General Mills' Yogurt Problem

General Mills' Yoplait yogurt brand has foundered, falling behind Chobani—that’s only one problem for the packaged food giant.


These are boom times in the yogurt business. If you have any doubt, check out the dairy section of your local supermarket. For starters, chances are yogurts occupy a much bigger portion of it than they used to. You’re likely to see an abundance of brands claiming heritage from Greece, from Australia, from Bulgaria—even from Iceland. You prefer yours without cow’s milk? No problem. There are offerings based on sheep’s milk or the juice of a coconut. You can choose an ascetic unsweetened Greek yogurt that makes you grimace at its sourness, opt for a drinkable style—or pick a dessert-like option that lets you mix in “­cinnamon-glazed cake pieces,” to cite one example. The days when there were only a handful of brands, each with strawberry, blueberry, or raspberry preserves at the bottom, are far behind us.

Last year, nine of the top 10 yogurt brands enjoyed rising sales. Which one managed to sink even as a rising tide lifted all the other boats? Yoplait. Its sales have plunged 23% over the past year, according to market researcher IRI, after a 7% drop the prior year. Yoplait has fallen so much that its crown as the top U.S. yogurt brand was snatched by upstart Greek-style brand Chobani. (Danone, which owns a stable of varied brands, ranks No. 1 when their sales are combined.) Indeed, Yoplait’s shipwreck was so epic that its effect overwhelmed the combined sales increases for all other yogurt companies last year and caused the category in the U.S. to decline by 2%.
Comment: GIS is my sleepy stock: No growth but reliable dividend (for now). I wonder why General Mills didn't just buy out Chobani?

Update on 6/3: Does General Mills need to get out of the yogurt business? General Mills sales haven't been growing, and one big reason is slipping sales in the U.S. yogurt business.
Yogurt sales in the last reported quarter for General Mills in the U.S. retail business declined 20 percent, a steeper rate of decline than in the first part of the current fiscal year. This is far worse than the performance of the last full fiscal year, when sales of yogurt in the U.S. slid 7 percent.

The company pointed to a presentation that Harmening gave earlier this year at a Florida investor meeting for some background on its thinking, including its long-term commitment to yogurt. Yogurt is a $78 billion worldwide consumer market that is growing, as one slide in the presentation explained, obviously too attractive a market to quit. In the United States, it plans to both refresh its current products as well as go after premium segments like natural and organic.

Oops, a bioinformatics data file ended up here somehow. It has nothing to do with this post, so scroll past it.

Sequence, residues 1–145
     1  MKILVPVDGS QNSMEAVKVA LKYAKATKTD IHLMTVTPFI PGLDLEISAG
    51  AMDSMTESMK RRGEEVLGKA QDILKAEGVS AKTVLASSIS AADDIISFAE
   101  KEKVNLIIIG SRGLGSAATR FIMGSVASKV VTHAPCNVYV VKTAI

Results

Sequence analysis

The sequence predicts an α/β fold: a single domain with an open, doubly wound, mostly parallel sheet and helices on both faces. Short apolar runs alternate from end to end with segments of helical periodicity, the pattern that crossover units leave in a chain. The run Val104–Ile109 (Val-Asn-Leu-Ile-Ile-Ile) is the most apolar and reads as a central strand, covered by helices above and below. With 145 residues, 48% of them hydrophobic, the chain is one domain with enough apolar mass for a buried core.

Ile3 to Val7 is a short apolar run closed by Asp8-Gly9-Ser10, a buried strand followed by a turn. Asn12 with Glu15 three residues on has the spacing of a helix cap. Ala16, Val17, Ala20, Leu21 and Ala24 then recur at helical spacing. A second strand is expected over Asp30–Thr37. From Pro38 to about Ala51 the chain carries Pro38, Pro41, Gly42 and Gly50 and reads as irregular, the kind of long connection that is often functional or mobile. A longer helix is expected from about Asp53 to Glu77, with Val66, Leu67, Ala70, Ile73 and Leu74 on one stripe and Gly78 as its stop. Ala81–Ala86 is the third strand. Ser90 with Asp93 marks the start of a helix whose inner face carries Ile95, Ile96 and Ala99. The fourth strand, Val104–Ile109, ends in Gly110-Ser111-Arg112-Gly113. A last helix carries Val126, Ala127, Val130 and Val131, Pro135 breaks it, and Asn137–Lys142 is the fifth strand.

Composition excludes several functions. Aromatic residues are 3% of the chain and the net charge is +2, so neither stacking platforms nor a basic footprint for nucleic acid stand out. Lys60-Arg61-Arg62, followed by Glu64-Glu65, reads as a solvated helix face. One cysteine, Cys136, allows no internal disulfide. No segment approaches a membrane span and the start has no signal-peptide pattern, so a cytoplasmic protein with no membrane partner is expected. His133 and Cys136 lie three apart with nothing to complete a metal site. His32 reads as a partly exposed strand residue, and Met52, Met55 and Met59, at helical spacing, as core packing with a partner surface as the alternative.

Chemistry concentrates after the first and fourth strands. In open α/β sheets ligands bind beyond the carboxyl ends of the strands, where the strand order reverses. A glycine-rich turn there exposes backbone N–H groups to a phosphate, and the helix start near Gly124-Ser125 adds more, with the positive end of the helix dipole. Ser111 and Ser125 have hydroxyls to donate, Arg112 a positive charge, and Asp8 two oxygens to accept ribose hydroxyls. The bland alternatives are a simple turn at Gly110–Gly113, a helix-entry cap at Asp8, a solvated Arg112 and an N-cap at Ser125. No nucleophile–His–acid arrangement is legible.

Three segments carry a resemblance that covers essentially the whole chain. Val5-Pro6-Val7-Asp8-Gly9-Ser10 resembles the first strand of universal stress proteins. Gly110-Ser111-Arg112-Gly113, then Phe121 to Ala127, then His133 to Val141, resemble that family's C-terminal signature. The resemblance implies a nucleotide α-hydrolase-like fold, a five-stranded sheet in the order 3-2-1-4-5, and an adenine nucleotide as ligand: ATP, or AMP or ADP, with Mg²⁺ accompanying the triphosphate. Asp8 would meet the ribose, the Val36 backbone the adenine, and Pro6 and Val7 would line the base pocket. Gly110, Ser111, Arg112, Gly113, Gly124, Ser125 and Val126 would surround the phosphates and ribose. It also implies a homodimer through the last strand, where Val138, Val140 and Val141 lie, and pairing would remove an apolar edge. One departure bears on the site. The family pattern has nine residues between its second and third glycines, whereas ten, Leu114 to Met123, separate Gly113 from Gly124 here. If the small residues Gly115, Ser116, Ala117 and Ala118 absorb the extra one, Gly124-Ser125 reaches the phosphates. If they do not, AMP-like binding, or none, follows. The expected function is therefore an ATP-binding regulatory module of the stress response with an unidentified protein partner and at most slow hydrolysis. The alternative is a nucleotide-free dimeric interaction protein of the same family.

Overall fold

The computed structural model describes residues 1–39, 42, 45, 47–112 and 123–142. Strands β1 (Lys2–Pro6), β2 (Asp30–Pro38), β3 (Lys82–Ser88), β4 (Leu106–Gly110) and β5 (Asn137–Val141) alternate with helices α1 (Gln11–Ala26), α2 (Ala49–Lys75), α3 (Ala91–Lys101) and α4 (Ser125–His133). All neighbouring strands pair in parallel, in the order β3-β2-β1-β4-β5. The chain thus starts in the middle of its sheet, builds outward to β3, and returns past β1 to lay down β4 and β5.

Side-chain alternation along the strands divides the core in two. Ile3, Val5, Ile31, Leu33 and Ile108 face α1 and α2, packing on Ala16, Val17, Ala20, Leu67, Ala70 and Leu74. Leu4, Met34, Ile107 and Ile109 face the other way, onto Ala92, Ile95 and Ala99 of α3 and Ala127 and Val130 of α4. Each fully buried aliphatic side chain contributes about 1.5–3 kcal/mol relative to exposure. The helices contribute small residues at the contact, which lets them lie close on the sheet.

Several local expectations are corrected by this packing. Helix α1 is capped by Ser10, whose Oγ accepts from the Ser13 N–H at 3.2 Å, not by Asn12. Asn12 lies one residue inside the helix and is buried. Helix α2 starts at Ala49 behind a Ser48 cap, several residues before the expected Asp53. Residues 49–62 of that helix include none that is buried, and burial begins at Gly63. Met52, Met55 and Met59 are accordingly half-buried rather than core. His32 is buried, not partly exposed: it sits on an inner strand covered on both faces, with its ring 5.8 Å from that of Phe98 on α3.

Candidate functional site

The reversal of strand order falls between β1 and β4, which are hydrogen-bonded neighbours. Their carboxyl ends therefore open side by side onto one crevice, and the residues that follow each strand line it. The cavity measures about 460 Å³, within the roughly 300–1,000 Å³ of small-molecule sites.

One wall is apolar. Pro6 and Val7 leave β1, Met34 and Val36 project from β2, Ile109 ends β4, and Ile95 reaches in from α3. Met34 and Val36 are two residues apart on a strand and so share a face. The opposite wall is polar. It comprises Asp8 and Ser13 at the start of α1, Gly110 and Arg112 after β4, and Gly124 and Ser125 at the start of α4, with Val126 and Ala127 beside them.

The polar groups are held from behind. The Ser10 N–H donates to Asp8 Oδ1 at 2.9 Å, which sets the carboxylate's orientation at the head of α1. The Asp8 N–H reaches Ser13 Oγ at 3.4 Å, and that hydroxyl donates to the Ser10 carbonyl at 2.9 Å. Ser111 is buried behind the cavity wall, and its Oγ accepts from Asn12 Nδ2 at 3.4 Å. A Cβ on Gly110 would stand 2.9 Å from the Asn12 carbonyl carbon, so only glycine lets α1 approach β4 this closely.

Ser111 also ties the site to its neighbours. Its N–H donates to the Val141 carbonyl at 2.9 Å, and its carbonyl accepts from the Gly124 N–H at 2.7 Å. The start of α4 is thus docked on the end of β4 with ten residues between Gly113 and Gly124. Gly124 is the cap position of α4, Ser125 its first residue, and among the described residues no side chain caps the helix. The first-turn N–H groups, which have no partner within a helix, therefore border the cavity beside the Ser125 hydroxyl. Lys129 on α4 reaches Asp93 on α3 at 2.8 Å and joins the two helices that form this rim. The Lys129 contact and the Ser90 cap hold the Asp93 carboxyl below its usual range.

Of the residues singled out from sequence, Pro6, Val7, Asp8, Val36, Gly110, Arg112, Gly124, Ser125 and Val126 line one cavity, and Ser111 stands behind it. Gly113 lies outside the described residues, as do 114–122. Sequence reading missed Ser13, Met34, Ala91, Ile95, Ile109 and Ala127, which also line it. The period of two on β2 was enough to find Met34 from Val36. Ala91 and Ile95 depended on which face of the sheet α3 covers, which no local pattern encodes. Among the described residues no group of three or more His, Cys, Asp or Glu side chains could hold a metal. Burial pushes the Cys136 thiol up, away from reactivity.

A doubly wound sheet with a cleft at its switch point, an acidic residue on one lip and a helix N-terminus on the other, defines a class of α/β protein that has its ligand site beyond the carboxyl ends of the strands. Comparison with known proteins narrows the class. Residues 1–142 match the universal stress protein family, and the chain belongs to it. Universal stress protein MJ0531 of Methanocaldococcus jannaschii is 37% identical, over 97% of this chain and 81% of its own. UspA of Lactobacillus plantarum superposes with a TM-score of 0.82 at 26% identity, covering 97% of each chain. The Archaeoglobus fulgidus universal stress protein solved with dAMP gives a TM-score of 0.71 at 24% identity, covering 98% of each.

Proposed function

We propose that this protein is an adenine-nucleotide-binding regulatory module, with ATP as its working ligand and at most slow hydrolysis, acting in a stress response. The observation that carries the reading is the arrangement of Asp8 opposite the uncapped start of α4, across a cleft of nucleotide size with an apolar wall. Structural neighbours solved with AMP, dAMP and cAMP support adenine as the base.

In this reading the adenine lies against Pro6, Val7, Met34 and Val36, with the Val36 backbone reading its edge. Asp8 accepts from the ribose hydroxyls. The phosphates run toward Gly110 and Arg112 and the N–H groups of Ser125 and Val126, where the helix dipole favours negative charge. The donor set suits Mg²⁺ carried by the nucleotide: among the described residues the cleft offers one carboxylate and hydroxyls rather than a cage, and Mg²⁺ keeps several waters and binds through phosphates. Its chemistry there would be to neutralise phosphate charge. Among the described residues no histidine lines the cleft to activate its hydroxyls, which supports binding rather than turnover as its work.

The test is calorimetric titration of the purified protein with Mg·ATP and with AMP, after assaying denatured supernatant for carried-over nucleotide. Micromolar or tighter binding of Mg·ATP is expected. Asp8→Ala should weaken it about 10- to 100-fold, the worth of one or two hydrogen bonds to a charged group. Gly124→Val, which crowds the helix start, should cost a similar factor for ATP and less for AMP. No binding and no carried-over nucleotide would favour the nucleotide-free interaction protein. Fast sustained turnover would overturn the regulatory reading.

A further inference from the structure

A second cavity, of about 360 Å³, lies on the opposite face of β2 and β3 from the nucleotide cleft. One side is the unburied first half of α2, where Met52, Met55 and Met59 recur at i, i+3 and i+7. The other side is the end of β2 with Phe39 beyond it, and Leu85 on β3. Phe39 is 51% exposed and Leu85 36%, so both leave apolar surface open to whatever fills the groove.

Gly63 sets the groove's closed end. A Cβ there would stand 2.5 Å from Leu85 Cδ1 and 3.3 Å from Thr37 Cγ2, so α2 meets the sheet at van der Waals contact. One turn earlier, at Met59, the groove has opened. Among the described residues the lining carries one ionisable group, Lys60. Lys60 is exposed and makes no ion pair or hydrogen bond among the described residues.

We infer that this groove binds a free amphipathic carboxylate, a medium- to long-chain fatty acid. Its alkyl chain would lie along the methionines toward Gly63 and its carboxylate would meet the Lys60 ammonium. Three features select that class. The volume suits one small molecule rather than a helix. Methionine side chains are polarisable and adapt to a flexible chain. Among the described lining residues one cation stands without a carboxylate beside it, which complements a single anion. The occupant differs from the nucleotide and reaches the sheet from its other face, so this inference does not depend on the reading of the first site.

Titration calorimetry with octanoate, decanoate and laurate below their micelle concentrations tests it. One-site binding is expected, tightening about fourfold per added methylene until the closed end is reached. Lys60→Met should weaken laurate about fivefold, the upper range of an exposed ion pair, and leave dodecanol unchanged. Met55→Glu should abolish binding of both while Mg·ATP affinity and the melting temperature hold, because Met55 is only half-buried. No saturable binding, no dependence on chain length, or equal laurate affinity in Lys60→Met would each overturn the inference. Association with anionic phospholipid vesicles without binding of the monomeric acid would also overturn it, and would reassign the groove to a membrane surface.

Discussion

The biggest problem here in the United States appears to be what’s printed on the label and not what’s inside. When Greek yogurt sales were surging, introducing Yoplait Greek sounded to many consumers a little like some big food company executive wanted to try to cash in on the Greek yogurt trend. Better to buy a real Greek yogurt, shoppers reasoned, rather than something with Yoplait in the name.

That’s how, in a matter of years, Chobani pulled ahead of Yoplait. It’s an amazing case study, a little like watching a start-up like Tesla overtake Ford in just a few years.

In fairness to General Mills, nothing obvious comes to mind as a quick way to improve the company’s position in the U.S. What the company is trying, including better-tasting products, seems to be a good idea at just about any food company.

On the other hand, a “product renovation” is just the kind of incremental move the consulting firm Bain & Co. discussed in a study of corporate divestitures some years ago, finding that big companies often put off making the tough call on whether to get out or invest a lot more, choosing to tinker instead.

Bain had observed, looking back two decades, that companies really good at knowing when and how to sell a business delivered far better returns to investors than the average company. And the just average companies used a default strategy of buy-and-hold in their portfolio of businesses.XXX The choices for any business unit that starts to go into the tank boil down to only three, according to the Bain analysis. One is to sell, another they called “milk” for cash flow and the other was “transform,” which is how the consultants talked about fundamentally changing the business, usually by committing a lot of additional time and capital.

1 comment:

  1. Might help if it tasted like yogurt. I'd be very surprised if they didn't have a "design" staff that understood some of these things.


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